Really – start looking at social sites as things that should be driving YOU traffic, not the other way round. If you'll panic without putting social links on your site then put them on your 'About' page and leave it at that.

2. Make a point of promoting your most popular pages across your site, for example in your sidebar.

Your sidebar is a great place to put links to your most popular content – you know, the stuff people have shown you they really WANT to look at on your site.

How can you tell which content people are most interested in? Simple: go into Analytics and hand pick the three or four pages that are a) most viewed b) that people spend the most time on and c) have the lowest bounce rates. Then give these proven pages the prominence they deserve.

What you think is important content is largely irrelevant – learn instead from the way your visitors are already voting with their feet.

3. Make a habit of internal linking.

Placing links within your content to other relevant pages on your site is not only good SEO practice, but will encourage human visitors to explore more of your site.

Personally, when this is overdone I find it a bit gratuitous, but there's absolutely no reason the average blog post couldn't link to, say, three or four other related posts.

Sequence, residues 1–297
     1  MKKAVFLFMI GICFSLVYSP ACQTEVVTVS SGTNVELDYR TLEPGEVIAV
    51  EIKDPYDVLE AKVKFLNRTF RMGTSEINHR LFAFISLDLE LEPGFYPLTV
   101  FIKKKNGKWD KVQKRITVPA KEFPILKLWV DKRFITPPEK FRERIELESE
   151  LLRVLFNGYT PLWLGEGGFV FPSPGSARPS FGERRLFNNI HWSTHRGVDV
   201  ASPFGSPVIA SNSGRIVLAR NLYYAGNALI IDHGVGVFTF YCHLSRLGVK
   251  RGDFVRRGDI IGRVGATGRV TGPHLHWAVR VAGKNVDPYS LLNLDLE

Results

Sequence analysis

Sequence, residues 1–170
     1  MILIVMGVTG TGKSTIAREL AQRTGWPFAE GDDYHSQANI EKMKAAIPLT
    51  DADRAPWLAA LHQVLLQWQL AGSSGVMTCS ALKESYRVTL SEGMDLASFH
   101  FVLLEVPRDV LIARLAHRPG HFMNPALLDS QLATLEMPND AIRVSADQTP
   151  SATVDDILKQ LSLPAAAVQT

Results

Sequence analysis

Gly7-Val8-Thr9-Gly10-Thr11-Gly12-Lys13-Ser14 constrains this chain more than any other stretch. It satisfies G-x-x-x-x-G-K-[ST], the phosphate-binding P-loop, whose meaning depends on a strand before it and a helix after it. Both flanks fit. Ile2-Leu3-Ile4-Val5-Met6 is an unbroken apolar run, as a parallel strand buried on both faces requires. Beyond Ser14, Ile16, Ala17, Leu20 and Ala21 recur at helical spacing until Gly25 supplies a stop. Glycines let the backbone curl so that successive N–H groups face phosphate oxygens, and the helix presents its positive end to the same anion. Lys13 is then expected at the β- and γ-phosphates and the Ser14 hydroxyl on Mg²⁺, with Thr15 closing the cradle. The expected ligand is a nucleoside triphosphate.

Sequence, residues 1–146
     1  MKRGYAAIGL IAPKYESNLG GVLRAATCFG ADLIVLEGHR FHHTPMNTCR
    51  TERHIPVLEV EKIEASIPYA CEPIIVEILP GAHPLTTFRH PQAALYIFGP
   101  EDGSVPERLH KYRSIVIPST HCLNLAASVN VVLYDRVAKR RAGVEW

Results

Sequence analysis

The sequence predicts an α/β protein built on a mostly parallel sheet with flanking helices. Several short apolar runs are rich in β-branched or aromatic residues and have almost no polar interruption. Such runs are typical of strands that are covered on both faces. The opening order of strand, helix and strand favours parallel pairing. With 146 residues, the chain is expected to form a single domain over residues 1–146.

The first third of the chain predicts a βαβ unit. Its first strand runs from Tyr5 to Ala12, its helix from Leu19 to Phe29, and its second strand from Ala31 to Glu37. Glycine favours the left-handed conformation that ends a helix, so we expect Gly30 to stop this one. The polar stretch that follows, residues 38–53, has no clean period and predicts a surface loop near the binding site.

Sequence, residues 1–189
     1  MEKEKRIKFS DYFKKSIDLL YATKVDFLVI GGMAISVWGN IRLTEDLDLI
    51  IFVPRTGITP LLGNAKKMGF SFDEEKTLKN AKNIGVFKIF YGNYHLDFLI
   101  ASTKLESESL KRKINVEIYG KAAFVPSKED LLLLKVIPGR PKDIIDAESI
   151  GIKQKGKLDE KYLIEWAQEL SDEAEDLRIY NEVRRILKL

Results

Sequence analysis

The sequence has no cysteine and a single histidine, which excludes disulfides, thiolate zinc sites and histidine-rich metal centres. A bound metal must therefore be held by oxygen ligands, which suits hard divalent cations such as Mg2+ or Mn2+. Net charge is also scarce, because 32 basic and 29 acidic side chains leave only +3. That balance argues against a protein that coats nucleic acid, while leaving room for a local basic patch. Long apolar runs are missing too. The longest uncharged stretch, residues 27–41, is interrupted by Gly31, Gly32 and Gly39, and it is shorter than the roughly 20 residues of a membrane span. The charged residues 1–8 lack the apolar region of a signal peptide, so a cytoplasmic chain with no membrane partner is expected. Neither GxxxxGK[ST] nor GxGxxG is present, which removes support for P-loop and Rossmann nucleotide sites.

So simple – but how much are you doing it?

What are your favorite tips for reducing bounce rate? Share in the comments below.

If you liked this post, you might also enjoy Website Not Performing? Here's What Could Be Wrong [Checklist]

Robert Tyson

After 10 years in online publishing and small business marketing, Robert Tyson set up The Tyson Report to provide small business owners with beginner-friendly online training and support in internet marketing strategy, including how to build a list, where to get traffic, and social marketing.

The Tyson Report: Internet Marketing For Small Business

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6 Responses to “How To Bring Your Bounce Rate Down”

  1. Hi Robert,

    Solid points here, especially about the social media link loss, but what about speed? I know it's obvious, but a slow loading page can also be a contributor to bounce rates.

    Also, what about responsive design? You can lower the bounce rate if the experience is just as good across all browsers and resolutions.

    Thanks!

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  4. That's a great point! Many new bloggers aim to have their work go viral so they make a huge effort to have their work shared on the major social networks.

    I am a big fan on linking to social media sites only through shares that at the very least open the site in a separate window.

    Would you lean more towards putting content in your sidebar that is more frequently viewed or creates more conversions? Perhaps some A/B testing?

    • Robert Tyson says:

      Hi Lauren, thanks for stopping by.

      On the 'more frequently viewed' vs 'higher converting' question, yes, A/B testing is a great idea… albeit that ultimately we all have to be in the business of conversions somewhere along the line!